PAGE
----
Reverse Repo Test #3 Now A Fact: $225 Million In Liquidity Sopped Up By Fed

Tyler Durden's picture

Just a day after the second reverse repo test was conducted, the Fed has launched repo test #3: this time, as we expected, for a greater (if still notionally meaningless) amount of $225 million, compared to yesterday's $180 million. The term of this operation is just one day, compared to the 8 and 3 in tests #2 and #1. The increasing frequency of these Temporary Market Operations should be making the liquidity bulls very nervous. And as we pointed out yesterday, the notional on the repo test "can only go up" - so far we have been proven right. Yet wait for the collateral to move down from Treasurys. That's when all hell will break loose.

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Anonymous's picture

This is one of those concepts that leaves me in a bit of a fog. Can anyone more well versed in these matters give a bit of an explanation (or link to one) of the mechanisms of reverse repos and their subsequent effects on liquidity/balance sheets? Why would increasing frequency (or, as I read it, decreasing duration) make liquidity bulls nervous?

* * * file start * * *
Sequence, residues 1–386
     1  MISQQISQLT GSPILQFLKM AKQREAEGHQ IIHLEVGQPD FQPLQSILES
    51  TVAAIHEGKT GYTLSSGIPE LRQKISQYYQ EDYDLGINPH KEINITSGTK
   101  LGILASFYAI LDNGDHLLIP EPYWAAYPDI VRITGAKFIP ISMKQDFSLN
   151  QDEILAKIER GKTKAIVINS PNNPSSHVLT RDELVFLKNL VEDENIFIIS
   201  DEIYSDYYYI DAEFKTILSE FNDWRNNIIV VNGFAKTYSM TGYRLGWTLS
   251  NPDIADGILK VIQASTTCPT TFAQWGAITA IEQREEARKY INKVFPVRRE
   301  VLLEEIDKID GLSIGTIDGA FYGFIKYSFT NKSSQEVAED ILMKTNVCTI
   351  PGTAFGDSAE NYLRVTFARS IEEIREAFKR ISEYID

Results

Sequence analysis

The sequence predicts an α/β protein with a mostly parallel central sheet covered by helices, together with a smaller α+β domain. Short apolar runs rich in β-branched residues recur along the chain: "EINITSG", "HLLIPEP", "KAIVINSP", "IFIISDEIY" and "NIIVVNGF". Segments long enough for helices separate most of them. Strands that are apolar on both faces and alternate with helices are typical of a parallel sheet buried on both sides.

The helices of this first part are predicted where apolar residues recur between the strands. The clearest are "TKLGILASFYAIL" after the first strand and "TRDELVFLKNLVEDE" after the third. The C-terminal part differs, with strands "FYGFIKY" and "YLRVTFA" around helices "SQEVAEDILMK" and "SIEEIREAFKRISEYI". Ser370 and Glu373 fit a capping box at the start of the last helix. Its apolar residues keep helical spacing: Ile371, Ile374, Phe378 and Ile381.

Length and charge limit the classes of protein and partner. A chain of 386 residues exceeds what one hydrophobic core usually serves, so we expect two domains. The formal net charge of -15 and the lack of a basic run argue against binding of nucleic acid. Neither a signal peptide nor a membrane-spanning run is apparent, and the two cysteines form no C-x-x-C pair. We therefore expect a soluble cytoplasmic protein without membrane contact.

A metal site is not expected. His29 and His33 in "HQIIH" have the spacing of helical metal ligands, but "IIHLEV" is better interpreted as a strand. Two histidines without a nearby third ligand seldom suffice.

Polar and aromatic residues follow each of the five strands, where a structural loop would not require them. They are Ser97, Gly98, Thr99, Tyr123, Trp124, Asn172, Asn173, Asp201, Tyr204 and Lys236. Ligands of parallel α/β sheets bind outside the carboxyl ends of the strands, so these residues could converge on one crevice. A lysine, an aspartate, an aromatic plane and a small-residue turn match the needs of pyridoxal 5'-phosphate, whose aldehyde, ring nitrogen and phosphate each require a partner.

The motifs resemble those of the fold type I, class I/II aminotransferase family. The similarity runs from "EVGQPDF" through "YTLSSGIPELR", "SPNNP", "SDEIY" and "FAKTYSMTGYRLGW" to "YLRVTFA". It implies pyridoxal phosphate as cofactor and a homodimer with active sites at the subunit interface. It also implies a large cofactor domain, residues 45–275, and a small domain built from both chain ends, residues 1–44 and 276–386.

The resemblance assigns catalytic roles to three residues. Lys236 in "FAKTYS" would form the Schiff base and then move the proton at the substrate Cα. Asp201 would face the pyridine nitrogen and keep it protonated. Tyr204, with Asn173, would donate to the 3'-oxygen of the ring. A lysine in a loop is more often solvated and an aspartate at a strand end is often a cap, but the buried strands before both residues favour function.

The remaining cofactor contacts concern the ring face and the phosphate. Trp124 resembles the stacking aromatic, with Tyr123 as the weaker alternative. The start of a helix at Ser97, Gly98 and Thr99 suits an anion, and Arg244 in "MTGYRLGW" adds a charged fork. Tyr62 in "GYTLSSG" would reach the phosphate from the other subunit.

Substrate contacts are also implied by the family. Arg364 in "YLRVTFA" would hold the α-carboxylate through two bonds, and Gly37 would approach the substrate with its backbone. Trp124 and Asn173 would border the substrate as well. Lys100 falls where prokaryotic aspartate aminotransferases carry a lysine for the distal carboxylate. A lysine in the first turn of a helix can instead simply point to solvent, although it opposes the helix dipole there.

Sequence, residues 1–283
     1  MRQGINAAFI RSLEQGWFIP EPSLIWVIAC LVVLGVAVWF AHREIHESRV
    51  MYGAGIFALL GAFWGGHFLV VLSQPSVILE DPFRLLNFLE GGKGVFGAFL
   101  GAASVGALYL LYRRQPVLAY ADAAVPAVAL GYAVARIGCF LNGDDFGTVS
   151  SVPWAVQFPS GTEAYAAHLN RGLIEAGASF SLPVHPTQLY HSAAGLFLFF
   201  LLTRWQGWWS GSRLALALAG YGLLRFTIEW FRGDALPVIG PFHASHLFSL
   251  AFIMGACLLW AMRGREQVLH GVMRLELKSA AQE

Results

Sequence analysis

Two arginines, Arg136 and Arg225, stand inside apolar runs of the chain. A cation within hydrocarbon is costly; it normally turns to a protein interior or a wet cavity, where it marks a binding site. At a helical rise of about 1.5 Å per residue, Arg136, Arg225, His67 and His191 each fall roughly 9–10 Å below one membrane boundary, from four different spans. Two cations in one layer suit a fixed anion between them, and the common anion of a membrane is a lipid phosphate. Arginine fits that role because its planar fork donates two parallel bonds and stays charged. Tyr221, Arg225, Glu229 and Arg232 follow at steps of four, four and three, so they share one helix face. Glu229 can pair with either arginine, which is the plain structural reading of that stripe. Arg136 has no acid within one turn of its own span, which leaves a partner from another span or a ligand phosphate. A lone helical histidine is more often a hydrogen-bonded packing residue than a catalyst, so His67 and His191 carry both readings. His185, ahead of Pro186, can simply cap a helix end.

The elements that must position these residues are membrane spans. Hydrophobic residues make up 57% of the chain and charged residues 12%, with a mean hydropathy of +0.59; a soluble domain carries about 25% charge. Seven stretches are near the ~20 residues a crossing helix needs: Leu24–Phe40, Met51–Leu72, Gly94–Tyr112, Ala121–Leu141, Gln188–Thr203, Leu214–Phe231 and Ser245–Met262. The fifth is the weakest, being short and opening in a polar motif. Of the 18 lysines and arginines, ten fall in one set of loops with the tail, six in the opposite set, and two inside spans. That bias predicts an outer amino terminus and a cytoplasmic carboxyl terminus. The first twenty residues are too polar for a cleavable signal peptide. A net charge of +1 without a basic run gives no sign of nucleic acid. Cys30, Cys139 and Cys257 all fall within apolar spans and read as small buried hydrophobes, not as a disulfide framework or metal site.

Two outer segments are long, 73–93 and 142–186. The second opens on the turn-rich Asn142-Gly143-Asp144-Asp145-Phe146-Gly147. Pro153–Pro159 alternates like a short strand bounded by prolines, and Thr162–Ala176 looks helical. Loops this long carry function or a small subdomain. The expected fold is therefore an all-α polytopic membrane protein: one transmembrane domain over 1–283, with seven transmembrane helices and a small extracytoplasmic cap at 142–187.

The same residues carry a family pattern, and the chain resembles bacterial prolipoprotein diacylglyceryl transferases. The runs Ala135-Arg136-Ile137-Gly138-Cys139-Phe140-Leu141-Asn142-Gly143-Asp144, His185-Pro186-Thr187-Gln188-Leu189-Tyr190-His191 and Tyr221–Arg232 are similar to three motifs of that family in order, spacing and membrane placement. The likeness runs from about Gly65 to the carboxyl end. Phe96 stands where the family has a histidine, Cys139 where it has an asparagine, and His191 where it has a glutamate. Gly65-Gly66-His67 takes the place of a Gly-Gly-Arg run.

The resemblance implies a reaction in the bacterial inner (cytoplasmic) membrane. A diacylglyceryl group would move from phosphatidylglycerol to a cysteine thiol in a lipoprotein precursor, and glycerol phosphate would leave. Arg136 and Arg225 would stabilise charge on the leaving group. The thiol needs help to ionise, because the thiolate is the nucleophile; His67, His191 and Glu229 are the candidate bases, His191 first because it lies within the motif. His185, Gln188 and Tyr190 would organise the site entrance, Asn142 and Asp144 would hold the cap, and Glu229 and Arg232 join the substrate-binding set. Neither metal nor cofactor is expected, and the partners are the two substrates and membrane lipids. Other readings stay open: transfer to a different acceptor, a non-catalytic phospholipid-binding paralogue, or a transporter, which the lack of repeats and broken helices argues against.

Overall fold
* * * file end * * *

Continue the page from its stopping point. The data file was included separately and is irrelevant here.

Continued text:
I'll hang up and listen.

Anonymous's picture

In a repo, the Fed lends money to the dealers in return for various collateral. This means the dealers have cash which they "spend" and it gets into the banking system Thus the Fed is supplying liquidity to the financial system.
A reverse repo works the other way. The dealers lend cash to the Fed in return for collateal. Thus cash is taken out of the financial system, thereby reducing liquidity
The term of these loans is generally short term; typically overnight or for a few days, but can be for a longer period. I think that a term of more than a month would be rare.
Banks and dealers also arrange repos (and reverse ropos) amongst themselves. These will only be for their liquidity needs and have no impact on general financial liquidity from the Fed's perspective.

bobby02's picture

"Yet wait for the collateral to move down from Treasurys. That's when all hell will break loose. "

That's the 2nd time in 2 days you have written that. Why? If the counterparty makes good on the repo, the collateral is irrelevant. Since we know the primary dealers are tbtf and will be saved, counterparty risk is zero.

(If counterparties at a later data move beyond the primary deals, then this may become an issue.)

Also, if we take you argument that the collateral will be shit, then the Fed is in the cat bird seat, since if the reverse transaction does not take place, the Fed has the cash and the counterparty the shit collateral, presumably with a minimal haircut (i.e. Fed gets more $)


SayTabserb's picture

Just a guess, but I think a reverse repo involving the Fed's MBS portfolio causes hell to break loose because any transaction which sheds light on the actual value of this stuff is very dangerous for the entire financial system. The actual "deal" of these toy transactions, insofar as they affect the parties involved, doesn't really matter.